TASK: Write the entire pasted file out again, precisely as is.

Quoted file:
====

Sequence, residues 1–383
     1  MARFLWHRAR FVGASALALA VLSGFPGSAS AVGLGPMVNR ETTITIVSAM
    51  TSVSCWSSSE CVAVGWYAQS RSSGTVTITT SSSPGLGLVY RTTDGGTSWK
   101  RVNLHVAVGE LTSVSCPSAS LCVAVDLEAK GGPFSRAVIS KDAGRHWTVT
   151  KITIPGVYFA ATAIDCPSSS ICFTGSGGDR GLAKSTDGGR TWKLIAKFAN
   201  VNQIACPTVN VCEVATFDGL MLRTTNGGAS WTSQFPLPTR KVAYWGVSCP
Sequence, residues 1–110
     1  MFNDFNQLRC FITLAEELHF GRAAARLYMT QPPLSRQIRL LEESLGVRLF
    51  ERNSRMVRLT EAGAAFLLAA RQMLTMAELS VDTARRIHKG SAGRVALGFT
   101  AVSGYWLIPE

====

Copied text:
Sequence, residues 1–383
     1  MARFLWHRAR FVGASALALA VLSGFPGSAS AVGLGPMVNR ETTITIVSAM
    51  TSVSCWSSSE CVAVGWYAQS RSSGTVTITT SSSPGLGLVY RTTDGGTSWK
   101  RVNLHVAVGE LTSVSCPSAS LCVAVDLEAK GGPFSRAVIS KDAGRHWTVT
   151  KITIPGVYFA ATAIDCPSSS ICFTGSGGDR GLAKSTDGGR TWKLIAKFAN
   201  VNQIACPTVN VCEVATFDGL MLRTTNGGAS WTSQFPLPTR KVAYWGVSCP
Sequence, residues 1–110
     1  MFNDFNQLRC FITLAEELHF GRAAARLYMT QPPLSRQIRL LEESLGVRLF
    51  ERNSRMVRLT EAGAAFLLAA RQMLTMAELS VDTARRIHKG SAGRVALGFT
   101  AVSGYWLIPE